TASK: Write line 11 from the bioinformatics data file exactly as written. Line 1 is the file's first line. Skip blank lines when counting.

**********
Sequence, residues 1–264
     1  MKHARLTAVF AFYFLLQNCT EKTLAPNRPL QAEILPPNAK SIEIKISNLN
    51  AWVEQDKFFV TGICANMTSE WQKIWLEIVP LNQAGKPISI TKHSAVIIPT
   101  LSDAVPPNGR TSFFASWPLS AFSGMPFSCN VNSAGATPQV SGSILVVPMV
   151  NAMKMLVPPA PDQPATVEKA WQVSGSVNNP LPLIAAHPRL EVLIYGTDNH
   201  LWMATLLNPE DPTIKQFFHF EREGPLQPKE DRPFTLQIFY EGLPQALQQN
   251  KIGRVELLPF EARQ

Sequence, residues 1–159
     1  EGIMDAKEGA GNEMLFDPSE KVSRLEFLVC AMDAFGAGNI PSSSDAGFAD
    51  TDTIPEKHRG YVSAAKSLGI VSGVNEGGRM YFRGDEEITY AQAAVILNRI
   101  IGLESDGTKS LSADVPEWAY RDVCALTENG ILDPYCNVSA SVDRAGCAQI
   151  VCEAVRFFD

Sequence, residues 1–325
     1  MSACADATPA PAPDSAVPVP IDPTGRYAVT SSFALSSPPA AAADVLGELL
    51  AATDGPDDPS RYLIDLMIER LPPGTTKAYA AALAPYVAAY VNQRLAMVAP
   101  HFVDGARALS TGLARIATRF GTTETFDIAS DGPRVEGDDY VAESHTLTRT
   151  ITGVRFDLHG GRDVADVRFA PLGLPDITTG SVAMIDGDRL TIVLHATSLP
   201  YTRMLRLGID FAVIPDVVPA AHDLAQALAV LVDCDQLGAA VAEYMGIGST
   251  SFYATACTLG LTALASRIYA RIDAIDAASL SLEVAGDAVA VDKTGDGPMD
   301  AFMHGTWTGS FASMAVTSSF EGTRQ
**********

   101  IGLESDGTKS LSADVPEWAY RDVCALTENG ILDPYCNVSA SVDRAGCAQI